A Rule-based Shield: Accumulating Safety Rules from Catastrophic Action Effects (2022)
Shahaf Shperberg, Bo Liu, Allessandro Allievi, and Peter Stone
Deploying autonomous agents in the real-world can lead to risks both to the agents and to the humans with whom they interact. As a result, it is essential for agents to try to achieve their objectives while acting as safely as possible. Thus, learning agents ought to learn not only about the effectiveness of actions, but also about their safety. While action effectiveness is task-dependent, information regarding the safety of actions can be preserved even if the task and/or the objective of the agent changes. The focus of this work is to leverage information from unsafe situations that the agent has experienced in order to obtain safety rules that identify which action from which state can lead to unsafe outcomes. These rules can be used for shielding the agent from repeating the same mistakes, as well as other mistakes that lead to the same catastrophic outcomes. In essence, before each action is selected for execution by the policy, actions which violate one of the safety rules from the current state are masked away and will not be selected. The cumulative set of safety rules can be used even when the agent faces multiple tasks, and can also be shared between different agents, so that mistakes that were made by one agent are not repeated by any of the agents that share the same rule-based shield. The process of learning a rule-based shield online is studied on a multi-task autonomous driving problem. Finally, the application of a rule-based shield to the Proximal Policy Optimization (PPO) algorithm is empirically evaluated and compared with the original PPO, with variants of PPO which use other online-learned shields, and with other baselines from the safe reinforcement learning literature. The results show that safety rules can significantly reduce the number of unsafe outcomes that agents experience, while even improving the cumulative rewards obtained by the agents.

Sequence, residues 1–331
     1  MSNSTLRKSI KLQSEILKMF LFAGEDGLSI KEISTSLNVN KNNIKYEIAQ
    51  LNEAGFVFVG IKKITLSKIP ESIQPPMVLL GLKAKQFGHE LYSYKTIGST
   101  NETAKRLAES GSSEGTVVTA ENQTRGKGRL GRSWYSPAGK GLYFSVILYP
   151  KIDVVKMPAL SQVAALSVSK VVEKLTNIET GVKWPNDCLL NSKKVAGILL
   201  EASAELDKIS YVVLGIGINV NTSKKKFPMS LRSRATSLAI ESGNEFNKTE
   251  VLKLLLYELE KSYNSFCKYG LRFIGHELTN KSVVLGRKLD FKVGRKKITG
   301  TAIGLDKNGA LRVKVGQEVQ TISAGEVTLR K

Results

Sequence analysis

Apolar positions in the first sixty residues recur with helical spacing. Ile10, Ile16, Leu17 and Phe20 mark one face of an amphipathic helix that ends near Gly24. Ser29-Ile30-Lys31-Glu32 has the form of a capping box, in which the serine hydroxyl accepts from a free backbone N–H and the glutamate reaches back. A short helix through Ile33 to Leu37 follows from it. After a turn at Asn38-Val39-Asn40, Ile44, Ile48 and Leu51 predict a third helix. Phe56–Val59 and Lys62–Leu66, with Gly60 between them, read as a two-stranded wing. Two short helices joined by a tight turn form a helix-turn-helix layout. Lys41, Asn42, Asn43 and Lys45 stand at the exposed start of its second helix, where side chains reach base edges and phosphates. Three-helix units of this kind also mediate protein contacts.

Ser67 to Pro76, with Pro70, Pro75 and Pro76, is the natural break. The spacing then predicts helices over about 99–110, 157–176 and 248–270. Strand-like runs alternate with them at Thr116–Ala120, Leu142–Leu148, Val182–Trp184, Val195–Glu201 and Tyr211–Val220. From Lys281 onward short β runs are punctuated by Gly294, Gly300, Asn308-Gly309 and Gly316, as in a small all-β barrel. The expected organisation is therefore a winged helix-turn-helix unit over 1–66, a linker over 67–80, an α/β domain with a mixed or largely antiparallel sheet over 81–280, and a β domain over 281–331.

In Proceedings of the 1st Conference on Lifelong Learning Agents (CoLLAs), Montreal, Canada, August 2022.

Peter Stone Faculty pstone [at] cs utexas edu